A quantum of emotional misery
Is a passenger facing a hijack threat more distressed than an eight-year-old girl being repeatedly raped by six men?
Birju Kishore Salla thought it was kinda funny to pin a terrorist threat in Google-translated Urdu in the toilet of Jet Airways flight 9W 339 on October 30, 2017. Salla is one of those rich brats who never grow up and are not interested in the family business, in this case jewellery. A year earlier, he had allegedly smuggled a cockroach into a Jet Airways flight and then complained that he'd found it in his business class meal.
But Salla was sentenced to life imprisonment a few days ago, under a tough anti-hijacking law passed in 2016. He was also fined 50 million rupees, which a special court ruled would be paid out as compensation to the crew and passengers who had been put through the ordeal.
Each pilot would get a lakh rupees, cabin crew 50,000 rupees each, and each passenger 25,000 rupees for the "misery" inflicted.
The 2016 law expands the definition of 'hijacking' to include threats. If the threat is accompanied by an actual attempt to hijack a plane, the law guarantees the death penalty.
I have in my life threatened to kill people. I once told a dear friend, "If you crack that silly joke again, I'll kill you!" Though light-hearted, this would stand up to scrutiny in a court as a clearly worded threat to end someone's life, albeit one that was not carried out. A good lawyer could also have argued that I might have caused emotional 'misery' to my friend by belittling his sense of humour and should be made to give him 25,000 rupees. The reason I'm not behind bars might very well be that I didn't make the threat in a plane and I didn't make it in Urdu.
From all of this two things are clear.
1. The Indian government takes terrorism seriously, even the unexecuted threat of terrorism. A person who merely makes threats in a plane is considered dangerous enough to be removed from society for the rest of his life.
2. The government is concerned about the emotional 'misery' passengers are put through by a mere threat. Everyone thinks their life is over, everyone is sweating, some may be peeing in their pants and some praying. The government compensates them with money, even if only '25,000.
Let's talk about emotional misery, compensation, life imprisonment and the death penalty a little bit. Six men kidnapped an eight-year-old girl of the nomadic Bakarwal Muslim community in Kashmir as she herded horses. The gang, headed by priest Sanji Ram, kept her prisoner in a temple and raped her repeatedly over a period of several days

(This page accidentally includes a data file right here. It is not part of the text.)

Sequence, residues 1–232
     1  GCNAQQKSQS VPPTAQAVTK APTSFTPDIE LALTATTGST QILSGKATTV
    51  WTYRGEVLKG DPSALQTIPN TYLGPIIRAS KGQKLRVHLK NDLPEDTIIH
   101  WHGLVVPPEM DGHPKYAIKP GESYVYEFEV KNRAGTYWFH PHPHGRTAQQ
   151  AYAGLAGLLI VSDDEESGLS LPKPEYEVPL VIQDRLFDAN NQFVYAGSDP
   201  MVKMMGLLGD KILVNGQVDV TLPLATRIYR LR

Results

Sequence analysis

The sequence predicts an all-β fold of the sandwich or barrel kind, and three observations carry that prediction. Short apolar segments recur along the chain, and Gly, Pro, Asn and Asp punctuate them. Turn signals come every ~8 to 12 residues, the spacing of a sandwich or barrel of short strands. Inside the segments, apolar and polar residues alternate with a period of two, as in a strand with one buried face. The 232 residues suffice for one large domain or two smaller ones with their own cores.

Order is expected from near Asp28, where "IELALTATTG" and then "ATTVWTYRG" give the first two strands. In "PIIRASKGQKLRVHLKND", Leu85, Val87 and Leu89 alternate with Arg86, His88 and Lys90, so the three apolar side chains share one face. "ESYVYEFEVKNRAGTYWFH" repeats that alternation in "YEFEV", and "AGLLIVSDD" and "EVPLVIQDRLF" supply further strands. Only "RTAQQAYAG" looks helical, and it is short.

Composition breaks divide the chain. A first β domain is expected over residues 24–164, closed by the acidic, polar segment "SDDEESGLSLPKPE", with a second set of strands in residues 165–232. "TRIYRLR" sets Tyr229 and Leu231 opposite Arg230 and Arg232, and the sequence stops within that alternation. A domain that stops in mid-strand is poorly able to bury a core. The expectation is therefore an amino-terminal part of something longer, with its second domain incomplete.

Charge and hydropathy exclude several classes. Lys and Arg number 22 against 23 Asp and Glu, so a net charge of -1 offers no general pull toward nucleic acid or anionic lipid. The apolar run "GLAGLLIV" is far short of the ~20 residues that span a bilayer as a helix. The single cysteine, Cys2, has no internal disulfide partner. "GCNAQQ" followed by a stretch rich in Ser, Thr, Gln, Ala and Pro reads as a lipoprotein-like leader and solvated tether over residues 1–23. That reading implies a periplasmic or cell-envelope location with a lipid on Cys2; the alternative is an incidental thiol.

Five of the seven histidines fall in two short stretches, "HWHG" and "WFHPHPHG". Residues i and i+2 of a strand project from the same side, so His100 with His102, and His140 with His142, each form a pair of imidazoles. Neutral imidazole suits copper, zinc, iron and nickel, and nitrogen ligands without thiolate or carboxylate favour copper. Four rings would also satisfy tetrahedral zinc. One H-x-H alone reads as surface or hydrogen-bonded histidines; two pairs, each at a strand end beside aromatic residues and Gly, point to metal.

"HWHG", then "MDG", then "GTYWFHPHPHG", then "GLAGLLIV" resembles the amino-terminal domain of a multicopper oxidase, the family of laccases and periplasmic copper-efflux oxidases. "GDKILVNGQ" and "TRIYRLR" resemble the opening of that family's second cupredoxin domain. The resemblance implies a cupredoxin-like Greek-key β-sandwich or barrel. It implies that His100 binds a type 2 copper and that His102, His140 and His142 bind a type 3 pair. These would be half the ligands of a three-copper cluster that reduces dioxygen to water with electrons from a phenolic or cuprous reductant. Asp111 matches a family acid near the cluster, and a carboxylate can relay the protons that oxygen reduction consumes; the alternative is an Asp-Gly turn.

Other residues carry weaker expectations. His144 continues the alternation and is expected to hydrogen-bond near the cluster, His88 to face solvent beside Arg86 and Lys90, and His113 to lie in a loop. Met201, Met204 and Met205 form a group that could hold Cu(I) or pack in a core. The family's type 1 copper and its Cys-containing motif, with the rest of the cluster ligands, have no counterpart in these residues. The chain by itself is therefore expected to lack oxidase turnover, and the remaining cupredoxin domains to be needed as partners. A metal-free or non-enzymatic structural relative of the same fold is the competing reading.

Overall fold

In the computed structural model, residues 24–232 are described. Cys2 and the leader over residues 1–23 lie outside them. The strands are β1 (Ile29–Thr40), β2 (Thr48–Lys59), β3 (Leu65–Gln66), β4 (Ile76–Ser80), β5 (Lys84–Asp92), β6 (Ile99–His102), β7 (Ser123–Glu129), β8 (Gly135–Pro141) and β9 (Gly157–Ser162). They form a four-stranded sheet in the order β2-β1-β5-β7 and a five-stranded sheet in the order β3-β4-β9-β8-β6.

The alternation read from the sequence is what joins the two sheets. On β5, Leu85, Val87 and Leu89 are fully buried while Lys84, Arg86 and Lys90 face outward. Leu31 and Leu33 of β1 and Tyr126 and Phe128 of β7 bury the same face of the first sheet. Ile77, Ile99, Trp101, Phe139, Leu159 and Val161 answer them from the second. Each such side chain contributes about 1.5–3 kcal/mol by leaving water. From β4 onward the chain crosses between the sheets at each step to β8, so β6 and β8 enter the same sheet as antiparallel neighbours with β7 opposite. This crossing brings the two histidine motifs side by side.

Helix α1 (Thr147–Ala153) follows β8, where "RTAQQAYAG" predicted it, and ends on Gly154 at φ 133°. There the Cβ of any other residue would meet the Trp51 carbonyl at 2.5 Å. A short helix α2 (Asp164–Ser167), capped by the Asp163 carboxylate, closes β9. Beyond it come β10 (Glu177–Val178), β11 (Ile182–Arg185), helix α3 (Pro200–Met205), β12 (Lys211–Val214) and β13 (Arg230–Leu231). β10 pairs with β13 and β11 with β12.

before killing her.
How much emotional 'misery' would you say she had felt during that week?
If they had done all this in a plane and in Urdu, the rapists might be facing death sentences now — but possibly because of the emotional misery they caused to the passengers who had to watch.
The eight-year-old girl is dead, and her father is a Muslim, so his 'misery' probably doesn't count. Only three of the accused, including the priest, were sentenced only to life imprisonment. No one was sentenced to death.
The Indian government showed its seriousness about rape in August last year by prescribing death penalty to rapists — but only if the victim was under 12.
The calculation looks like this to me — A man who threatens passengers in a plane should be jailed for life.
A man who tries to hijack a plane should die, even if his hijack attempt fails.
Passengers should be compensated for the distress caused to them by the very thought of a hijack attempt, even a failed or fake one.
Victims of rape feel less emotional distress than victims of hijack threats.
A man who causes emotional 'misery' to a 12-year-old girl by raping her should die.
Girls of 13 and over feel less emotional 'misery' when raped than girls of 12.
For this reason, the rapist of a girl over 13 need not be punished quite as much.
It also means that UP BJP member Kuldip Sengar might get off lightly for his alleged rape of a 17-year-old girl in 2017.
Most men seem more concerned about the emotional 'misery' caused to the rapist by the punishment. In Jharkhand's Rajakendua village in May last year, a 16-year-old girl was abducted by four men, taken to a deserted spot and repeatedly raped.
The village panchayat thought that 100 sit-ups and '50,000 fine would be appropriate. The rapists, though, were furious. Full of emotional 'misery', they went to the teenager's house, beat up the family and burned the teenager to death.
Lesson: never cause emotional 'misery' to a rapist. God knows what he'll do.
Here, viewed from there. C Y Gopinath, in Bangkok, throws unique light and shadows on Mumbai, the city that raised him. You can reach him at firstname.lastname@example.org Send your feedback to email@example.com
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